None of this was taken into account. So Gaidar’s harsh monetarism combined with feverish inflation and a “black” cash economy caused a liquidity crisis. Simply speaking, the Russian economy became bankrupt. Enterprises could not pay for raw materials, power, services and products provided by suppliers; workers were not paid for months on end. (When the nuclear arms factory in Siberia went on strike, Yeltsin had to fly there personally to deliver the wages owed to the workers.)
By the summer of 1992 there was no sign of a convertible rouble, but the government had to print astronomic amounts of the usual one instead. Under pressure of circumstances, Gaidar and Yeltsin were forced to return to large-scale subsidizing of industry and an indexation of wages and pensions - in other words, to the old Gorbachev economic “policy” of the printing press and additional loans from the West.
Naturally, talk of all kinds about reforms continued, and in the autumn “as planned” there was even a timid attempt at “privatization.” Privatization vouchers, with a nominal value of 10 thousand roubles each were printed and handed over to every Russian citizen. The population was not particularly enthusiastic about this: nobody could imagine what sort of property one could acquire with these vouchers. Could they buy something useful such as land or houses, or did it mean the acquisition of a minute share in some huge crumbling factory, which would never yield any dividends? As the former was already “privatized” by party apparatchiks and “black market” dealers, the population was stuck with the latter.
The vouchers were hardly placed into circulation, they simply added around a trillion to an inflation that had spiralled totally out of control and became no more than a method of payment. By the end of 1992 the market value of the vouchers had dropped to 2, 000 roubles.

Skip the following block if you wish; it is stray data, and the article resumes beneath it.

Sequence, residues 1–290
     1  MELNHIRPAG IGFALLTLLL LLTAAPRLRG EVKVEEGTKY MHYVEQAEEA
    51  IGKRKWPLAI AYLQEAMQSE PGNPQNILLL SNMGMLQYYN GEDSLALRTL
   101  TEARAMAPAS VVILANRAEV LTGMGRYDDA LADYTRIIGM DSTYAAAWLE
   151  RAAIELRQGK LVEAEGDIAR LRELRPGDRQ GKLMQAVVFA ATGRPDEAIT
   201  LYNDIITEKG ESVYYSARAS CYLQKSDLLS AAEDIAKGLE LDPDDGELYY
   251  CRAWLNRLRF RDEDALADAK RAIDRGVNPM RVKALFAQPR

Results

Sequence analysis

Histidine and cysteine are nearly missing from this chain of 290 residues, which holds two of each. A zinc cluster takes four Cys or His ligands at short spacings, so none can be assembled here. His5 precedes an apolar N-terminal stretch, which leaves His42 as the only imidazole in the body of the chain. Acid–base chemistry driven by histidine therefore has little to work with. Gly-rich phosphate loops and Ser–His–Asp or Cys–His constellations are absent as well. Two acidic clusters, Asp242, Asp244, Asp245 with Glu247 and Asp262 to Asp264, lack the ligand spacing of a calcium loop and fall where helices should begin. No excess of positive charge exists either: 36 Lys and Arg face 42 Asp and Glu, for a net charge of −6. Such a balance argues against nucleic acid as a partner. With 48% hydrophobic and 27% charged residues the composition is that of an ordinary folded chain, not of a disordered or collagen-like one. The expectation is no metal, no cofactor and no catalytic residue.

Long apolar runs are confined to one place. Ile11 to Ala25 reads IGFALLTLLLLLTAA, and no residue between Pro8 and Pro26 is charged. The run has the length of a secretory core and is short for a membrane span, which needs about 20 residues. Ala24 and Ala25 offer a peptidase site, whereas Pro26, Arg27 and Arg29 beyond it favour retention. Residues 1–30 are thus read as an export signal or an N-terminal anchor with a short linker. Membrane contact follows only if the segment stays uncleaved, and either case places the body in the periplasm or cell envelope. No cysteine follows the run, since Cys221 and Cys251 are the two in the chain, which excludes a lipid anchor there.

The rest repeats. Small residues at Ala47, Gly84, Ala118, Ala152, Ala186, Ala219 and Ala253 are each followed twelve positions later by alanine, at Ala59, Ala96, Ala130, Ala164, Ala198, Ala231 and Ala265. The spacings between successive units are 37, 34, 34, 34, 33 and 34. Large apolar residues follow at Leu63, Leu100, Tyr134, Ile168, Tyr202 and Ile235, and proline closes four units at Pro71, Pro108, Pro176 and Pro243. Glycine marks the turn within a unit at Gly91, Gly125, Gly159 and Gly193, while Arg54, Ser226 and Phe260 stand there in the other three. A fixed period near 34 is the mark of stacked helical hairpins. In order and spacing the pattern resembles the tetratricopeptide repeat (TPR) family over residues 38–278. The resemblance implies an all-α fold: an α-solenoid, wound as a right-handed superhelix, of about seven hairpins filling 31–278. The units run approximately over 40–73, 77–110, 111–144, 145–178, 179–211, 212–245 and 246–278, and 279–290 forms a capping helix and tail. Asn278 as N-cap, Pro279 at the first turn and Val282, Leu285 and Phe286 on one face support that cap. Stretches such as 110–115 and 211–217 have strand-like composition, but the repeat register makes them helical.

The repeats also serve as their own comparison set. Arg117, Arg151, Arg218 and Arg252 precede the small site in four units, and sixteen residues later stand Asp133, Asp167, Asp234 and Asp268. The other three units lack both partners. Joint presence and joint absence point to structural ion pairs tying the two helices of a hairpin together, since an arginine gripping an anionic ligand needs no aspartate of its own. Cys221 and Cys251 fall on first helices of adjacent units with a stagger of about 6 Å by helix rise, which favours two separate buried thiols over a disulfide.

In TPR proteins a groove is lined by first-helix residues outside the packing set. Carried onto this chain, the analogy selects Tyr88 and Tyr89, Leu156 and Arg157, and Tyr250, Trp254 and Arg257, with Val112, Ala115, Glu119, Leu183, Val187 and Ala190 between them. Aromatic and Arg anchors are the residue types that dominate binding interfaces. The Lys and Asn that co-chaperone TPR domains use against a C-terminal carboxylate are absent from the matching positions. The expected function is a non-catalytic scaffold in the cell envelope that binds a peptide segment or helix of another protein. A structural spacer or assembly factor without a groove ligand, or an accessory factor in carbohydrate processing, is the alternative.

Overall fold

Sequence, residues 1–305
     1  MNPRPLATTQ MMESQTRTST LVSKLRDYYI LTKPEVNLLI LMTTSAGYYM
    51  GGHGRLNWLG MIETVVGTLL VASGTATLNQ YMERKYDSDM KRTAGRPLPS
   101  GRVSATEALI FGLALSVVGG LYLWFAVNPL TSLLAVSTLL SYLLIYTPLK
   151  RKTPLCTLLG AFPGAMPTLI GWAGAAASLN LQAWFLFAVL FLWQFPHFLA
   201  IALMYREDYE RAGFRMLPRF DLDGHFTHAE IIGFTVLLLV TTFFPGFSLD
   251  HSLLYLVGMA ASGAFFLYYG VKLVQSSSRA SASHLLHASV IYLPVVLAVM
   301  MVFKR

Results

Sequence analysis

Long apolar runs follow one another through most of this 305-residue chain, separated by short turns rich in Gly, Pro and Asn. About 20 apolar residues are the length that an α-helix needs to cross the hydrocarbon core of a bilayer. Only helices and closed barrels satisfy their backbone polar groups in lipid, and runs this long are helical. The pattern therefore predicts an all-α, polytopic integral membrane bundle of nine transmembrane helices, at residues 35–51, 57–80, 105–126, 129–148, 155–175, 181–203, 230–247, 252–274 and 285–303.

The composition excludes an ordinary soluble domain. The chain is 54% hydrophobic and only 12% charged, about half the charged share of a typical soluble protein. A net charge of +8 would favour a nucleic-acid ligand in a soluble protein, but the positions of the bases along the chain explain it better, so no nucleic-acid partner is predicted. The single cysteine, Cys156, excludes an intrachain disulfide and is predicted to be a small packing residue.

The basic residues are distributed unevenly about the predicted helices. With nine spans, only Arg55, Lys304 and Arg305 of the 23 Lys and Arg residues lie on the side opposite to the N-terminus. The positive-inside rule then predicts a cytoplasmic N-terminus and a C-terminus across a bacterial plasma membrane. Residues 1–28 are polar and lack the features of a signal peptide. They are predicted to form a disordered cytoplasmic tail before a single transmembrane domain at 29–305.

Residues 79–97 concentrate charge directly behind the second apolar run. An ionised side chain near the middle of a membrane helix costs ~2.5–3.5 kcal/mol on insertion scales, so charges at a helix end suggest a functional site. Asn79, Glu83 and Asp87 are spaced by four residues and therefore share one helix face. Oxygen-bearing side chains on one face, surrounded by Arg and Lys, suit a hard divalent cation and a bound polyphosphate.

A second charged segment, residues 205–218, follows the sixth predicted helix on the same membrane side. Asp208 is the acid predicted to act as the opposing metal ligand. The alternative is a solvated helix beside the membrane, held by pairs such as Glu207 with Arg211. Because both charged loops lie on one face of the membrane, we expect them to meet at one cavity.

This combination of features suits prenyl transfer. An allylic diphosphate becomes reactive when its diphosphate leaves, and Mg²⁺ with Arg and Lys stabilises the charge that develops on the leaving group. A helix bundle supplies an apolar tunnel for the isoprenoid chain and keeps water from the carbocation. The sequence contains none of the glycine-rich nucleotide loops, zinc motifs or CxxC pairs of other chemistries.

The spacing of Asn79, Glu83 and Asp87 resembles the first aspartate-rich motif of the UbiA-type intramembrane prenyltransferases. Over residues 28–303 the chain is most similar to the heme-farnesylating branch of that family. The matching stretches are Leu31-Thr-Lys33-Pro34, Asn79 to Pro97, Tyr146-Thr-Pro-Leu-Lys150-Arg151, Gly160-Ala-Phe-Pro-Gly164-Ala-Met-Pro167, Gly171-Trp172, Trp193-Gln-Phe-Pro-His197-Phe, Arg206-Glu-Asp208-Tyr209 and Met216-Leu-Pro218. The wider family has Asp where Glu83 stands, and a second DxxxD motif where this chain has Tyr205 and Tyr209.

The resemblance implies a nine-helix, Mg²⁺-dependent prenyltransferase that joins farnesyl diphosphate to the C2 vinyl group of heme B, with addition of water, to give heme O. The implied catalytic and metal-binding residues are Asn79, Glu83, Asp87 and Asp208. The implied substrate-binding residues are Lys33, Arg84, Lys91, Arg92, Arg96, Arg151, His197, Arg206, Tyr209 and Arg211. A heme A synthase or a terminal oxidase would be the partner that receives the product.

This was the finale of Gaidar’s “market reform” which had made the people twenty times poorer than before, shattered their illusions and fed their anger. This “reform” was a boon for the communists: even though there was still no democracy in the country and no market economy, both ideas were completely discredited. As for Yeltsin, this failure signalled the start of a lengthy retreat. If in the spring of 1992 he had to sacrifice his political convictions, by autumn he had sacrificed his entire crew (including Gaidar) and in the spring of 1993 he was fighting for his own political survival.
Even the storming of the White House and the forced removal of the old Supreme Soviet did not reinforce his positions: the new parliament (Duma) was no better than its predecessor, and from this time Yeltsin became a hostage to the “power structures” (the army, the Ministry of Internal Affairs and the new KGB - the FSB). These were the only powers remaining in Russia that supported Yeltsin although, to use Lenin’s term, they supported him the way a rope supports a hanged man. Their open accession to power after Yeltsin was the logical conclusion of this process. Out of all the fragments of the old nomenklatura, the chekists were always more organized, and their role in the “privatization” of party power and property was pivotal.